Childs v. Pinnacle Health Care, LLC is a wrongful death and nursing home negligence case that was filed against Pinnacle Health Care, the nursing home corporation, and Carolyn English, its director of nursing. Pinnacle Health Care, LLC is a nursing home located in Waukegan, IL.
The trial court dismissed with prejudice the three counts against the director of nursing because the allegations were limited to her role as the director of nursing and were premised on the Nursing Home Care Act (210 ILCS 45 ), which provides that only licensees and owners of nursing homes can be held liable under the Nursing Home Care Act.
However, the Illinois Second District Appellate Court reversed the trial court’s dismissal of these counts and ruled that the dismissal was improper because the negligence allegations involved professional negligence under the Healing Arts Malpractice Act (735 ILCS 5/2-622) and were independent of the Nursing Home Care Act.
This case centered on the death of Dorothy Jones, who was a resident of Pinnacle Health Care before her death. Ms. Jones was admitted to nursing home in July 2002 when she was no longer able to walk as a result of her multiple sclerosis. Upon being admitted, Ms. Jones did not suffer from any skin impairments.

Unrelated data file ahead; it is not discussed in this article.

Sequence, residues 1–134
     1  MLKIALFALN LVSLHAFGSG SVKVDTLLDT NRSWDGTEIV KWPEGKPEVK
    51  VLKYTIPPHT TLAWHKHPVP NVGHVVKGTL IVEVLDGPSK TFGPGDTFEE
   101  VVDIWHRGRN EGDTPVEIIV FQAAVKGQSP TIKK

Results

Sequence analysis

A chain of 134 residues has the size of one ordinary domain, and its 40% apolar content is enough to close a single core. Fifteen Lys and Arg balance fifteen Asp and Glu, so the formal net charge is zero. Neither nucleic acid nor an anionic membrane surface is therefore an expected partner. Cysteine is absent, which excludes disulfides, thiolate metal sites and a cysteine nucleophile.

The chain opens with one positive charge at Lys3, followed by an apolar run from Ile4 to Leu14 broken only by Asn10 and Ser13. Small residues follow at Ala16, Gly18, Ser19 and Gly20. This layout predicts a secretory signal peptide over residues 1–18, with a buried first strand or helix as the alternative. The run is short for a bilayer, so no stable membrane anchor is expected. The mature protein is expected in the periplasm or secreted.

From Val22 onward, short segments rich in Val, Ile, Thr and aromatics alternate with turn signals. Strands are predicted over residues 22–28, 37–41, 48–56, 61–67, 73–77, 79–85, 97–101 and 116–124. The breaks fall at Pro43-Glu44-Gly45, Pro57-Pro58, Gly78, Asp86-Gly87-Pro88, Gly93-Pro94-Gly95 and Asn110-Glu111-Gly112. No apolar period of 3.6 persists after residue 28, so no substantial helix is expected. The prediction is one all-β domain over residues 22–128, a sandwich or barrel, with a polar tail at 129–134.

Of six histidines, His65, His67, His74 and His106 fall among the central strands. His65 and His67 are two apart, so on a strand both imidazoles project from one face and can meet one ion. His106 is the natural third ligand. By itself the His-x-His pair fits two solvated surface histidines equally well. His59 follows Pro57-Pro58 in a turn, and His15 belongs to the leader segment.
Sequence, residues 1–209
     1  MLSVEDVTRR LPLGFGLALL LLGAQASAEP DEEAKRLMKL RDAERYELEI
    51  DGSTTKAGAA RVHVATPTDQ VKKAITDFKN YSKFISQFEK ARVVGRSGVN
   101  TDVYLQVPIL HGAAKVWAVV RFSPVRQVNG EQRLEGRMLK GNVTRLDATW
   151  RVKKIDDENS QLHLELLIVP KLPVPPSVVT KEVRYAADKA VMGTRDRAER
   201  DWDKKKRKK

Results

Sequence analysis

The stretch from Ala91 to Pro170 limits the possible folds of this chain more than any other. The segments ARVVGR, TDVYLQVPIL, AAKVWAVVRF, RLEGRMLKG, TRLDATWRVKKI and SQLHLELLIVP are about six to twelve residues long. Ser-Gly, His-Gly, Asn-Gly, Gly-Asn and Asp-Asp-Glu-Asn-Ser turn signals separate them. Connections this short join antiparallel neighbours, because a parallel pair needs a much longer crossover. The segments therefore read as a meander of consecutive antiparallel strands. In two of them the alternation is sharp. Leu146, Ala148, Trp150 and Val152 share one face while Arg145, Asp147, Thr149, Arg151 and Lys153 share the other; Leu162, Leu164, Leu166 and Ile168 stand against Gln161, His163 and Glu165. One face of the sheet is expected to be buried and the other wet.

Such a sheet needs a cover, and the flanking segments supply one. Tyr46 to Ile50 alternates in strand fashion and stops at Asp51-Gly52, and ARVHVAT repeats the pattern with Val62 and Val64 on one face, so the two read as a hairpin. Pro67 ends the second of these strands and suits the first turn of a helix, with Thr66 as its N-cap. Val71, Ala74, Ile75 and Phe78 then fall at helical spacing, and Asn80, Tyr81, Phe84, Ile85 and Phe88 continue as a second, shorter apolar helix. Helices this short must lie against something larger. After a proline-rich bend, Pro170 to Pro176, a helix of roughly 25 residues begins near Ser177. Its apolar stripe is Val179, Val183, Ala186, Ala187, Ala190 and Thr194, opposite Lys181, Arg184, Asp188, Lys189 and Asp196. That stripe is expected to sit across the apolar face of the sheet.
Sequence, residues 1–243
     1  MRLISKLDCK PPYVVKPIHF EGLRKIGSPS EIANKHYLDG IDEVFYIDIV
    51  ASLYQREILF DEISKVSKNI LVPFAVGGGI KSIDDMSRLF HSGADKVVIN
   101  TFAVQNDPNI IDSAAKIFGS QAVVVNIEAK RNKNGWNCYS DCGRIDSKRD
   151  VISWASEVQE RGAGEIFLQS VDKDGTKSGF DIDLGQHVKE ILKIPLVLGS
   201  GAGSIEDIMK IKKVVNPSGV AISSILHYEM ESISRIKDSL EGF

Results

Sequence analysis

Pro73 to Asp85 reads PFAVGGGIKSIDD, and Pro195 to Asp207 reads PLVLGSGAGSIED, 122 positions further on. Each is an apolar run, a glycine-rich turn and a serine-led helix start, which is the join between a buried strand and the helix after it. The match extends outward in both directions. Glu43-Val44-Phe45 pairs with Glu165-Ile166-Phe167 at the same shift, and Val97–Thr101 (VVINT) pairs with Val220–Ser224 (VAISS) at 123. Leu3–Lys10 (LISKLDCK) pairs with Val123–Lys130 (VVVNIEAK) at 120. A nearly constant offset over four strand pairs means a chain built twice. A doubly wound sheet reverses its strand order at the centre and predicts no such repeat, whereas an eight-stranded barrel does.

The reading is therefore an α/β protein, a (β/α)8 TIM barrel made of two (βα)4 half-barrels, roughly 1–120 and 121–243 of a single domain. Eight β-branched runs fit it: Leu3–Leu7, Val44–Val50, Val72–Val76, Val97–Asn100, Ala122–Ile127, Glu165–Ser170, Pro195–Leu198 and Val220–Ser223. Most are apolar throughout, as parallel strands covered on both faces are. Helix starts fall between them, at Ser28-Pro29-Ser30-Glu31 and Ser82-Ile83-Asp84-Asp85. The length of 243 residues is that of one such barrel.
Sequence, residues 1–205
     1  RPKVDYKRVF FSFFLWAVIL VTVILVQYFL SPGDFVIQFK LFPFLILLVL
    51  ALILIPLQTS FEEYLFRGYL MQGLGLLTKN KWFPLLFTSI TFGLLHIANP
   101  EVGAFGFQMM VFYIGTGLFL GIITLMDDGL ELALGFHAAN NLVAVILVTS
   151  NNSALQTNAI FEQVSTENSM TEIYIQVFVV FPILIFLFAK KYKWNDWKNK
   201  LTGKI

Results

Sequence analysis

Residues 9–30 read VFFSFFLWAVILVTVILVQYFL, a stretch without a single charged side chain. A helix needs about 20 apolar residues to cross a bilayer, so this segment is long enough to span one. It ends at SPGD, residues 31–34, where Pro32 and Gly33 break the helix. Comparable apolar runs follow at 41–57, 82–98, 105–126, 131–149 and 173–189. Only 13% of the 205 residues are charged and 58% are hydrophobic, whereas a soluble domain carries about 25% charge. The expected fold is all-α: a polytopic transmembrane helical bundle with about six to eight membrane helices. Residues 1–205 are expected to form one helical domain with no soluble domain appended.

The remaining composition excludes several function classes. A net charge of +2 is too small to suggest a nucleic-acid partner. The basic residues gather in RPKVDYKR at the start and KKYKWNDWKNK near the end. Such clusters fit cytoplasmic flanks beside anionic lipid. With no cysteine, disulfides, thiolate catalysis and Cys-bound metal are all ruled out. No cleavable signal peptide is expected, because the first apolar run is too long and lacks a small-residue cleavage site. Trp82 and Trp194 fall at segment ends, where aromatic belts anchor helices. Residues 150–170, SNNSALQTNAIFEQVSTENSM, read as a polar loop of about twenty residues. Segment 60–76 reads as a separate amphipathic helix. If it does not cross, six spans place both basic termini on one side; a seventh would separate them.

Pinnacle personnel categorized Ms. Jones to be at high risk for developing pressure sores during skin assessments performed between January 2005 and October 2006. Despite this risk assessment, Ms. Jones developed 16 pressure sores during her residency at the nursing home.
In October 2006, one of Ms. Jones’ pressure sores became seriously infected and began bleeding, requiring her to be transferred to a nearby hospital. The hospital documented her injuries as follows:
- A sacral pressure sore that was so large, deep, and infected that liquid stool was seeping out of her vagina
- A scalp pressure sore that appeared to reach down to the skull
- A left leg pressure sore that exposed her tendons
- Pressure sores on her ears, which exposed cartilage.
Also, prior to Ms. Jones’ transfer to the hospital, she had developed multiple severe urinary tract infections, symptoms of recurrent infection, and severe respiratory problems. Ms. Jones died from respiratory failure on October 6, 2006, only two days after being admitted to the hospital.
Clearly, to say that Ms. Jones suffered from nursing home abuse and neglect is an understatement. Pressure sores are very serious and, in most cases, preventable. How the nursing home and its personnel allowed her to develop pressure sores in the first place and their subsequent failure to treat them is unacceptable and horrifying. This case at least makes it possible for all responsible parties to be held liable: the nursing home corporation, and more importantly, the director of nursing in her professional capacity.